After a very sweaty and stressful rush to Bristol Airport during rush hour, getting beeped at the body scanner (this always happens...I swear I don't have adamantium bones, not the last time I checked, anyway), lots of hanging around waiting, and a sickness-inducing flight north, I find myself sweeping down over the Solway Firth. I have never been in this situation before. About to arrive in a strange city, everything I have to my name in a backpack, nobody meeting me at the airport, and not really any certainty as to where I'm going. I didn't get to do the whole Gap Year thing, for various reasons, despite wanting to, and I suddenly feel very alone.
Before long, I find myself in the back of a taxi whizzing through the streets of Edinburgh, and I'm starting to wonder if all Scottish taxi drivers are a wee bit nuts...certainly every time I've been to Scotland and ridden in a taxi they've scared the wits out of me...driving in the middle of the road and way too fast, claiming they're watching out for "deer." Really? Deer, in Edinburgh? Come on, what is this, Haze The English Tourist Week or something? Not unless "deer" is a euphemism for a rabid Edinburgh University student on a pub crawl.....anyway, I make it to my little single room in the guest house in one piece...then can't get to sleep until 2AM because there's a party in the garden, it's too hot to shut the window (!!!) and I've forgotten my earplugs. Great.
After breakfast (including copious amounts of coffee) I make my way into the city with my backpack, stopping to buy earplugs on the way. I catch my first glimpse of the castle when I'm still just round the corner from the guest house...between two modern office blocks. Quite a juxtaposition, but I can't take a picture because there's too many buses going past.
Before long, I'm crossing George IV Bridge and find myself on the Royal Mile, surrounded by Japanese tourists and grinning like an idiot. I have done it. I have got myself here, alone. It may not be Cambodia or Sydney, but it feels good nonetheless.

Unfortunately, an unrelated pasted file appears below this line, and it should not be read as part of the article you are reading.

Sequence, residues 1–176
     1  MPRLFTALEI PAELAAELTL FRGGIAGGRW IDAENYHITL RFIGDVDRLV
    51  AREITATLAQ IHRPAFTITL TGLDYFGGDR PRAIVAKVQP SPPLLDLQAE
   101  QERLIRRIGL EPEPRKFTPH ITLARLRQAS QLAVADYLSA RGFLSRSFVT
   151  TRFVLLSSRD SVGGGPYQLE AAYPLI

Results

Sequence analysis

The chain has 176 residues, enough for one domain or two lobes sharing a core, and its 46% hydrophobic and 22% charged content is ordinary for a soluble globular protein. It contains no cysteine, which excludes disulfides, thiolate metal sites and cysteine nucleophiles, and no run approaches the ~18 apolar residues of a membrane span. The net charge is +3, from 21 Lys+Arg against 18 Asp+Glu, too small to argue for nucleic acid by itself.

First stop, St Giles Cathedral, dating from the 13th century. I take loads of pictures (despite the fact that you're apparently not supposed to without purchasing a £2 photography permit) which I find out a little too late when I accidentally set off the fill flash on my camera (I'm not a techno-bod by any stretch of the imagination), fill the cathedral with bright blue light, earn myself some very dirty looks, and decide it's probably time to leave.
Round the back of the cathedral, at the Mercat Cross, I sit and soak up the atmosphere while I wait for my first tour. Across the street a guy dressed as Jack Sparrow from Pirates of the Caribbean is standing on a box looking the part doing his little camp hand-waving thing in return for coins. (?!) Before long, I am off down the Blair Street Vaults with Mercat Tours. The vaults date from the 18th century, so they wouldn't have actually been there at the time I'm writing (15th century) but it gave me a chance to get some very atmospheric footage which will be useful for this film I'm making to promote Spiral; The Finding. I tell you what though, there was one room in the vaults I didn't want to go in. The Double-Height room gave me the absolute willies, and after hearing some of the ghost stories from Jason the guide, now I know why....apparently a nasty man the guides have nick-named Mr Boots hangs out in there. Nobody's really sure what he did when he was alive, but he's not a nice character by all accounts.
Back up in daylight, and I'm off the the National Museum of Scotland. After a quick whizz round the Scottish History bit, making notes on anything 15th century and prior I can find, I'm for my lunch. The Villager, a cocktail lounge on George IV Bridge, does stonking food. It's old fashioned favourites that have been spiced up with flavours of the world. I had the sweet potato, chickpea and spinach curry with chickpea fritters. I highly recommend :)
In the afternoon, there was still time before my next tour, so I popped down the Royal Mile to see a chunk of the original Mercat Cross in the Museum of Edinburgh. It was a lot smaller than I expected, but it gave me an idea of what it would have looked like in medieval times. Afterwards, I joined a free tour, with Sandemans Free Tours. Lots of interesting history to be had, with guide Sabela. It gave me a real chance to walk around Edinburgh and get a feel for the place, what can be got to from where, and get a feel for the different levels of streets. Edinburgh is one of the those places where the city seems to exist on multiple different levels because it's built up the two sides of what is essentially a massive drumlin. So there are bridges over streets and funny little closes and wynds that come out where you least expect. It's easy to get lost if you don't know the place. And I was able to pick up loads of interesting stuff about how people lived in medieval Edinburgh, which is what I was looking for.
After the tour, it was off to the Princes Street Gardens, to see where the Nor' Loch would have once been...a man-made body of water created for defence of the city, and used as a source of drinking water...as well as a sewage dumping ground and a place to duck witches. Apparently, when it was drained in the 18th and 19th centuries, they found the bones of all the innocent "witches" who had been drowned in it. Ick.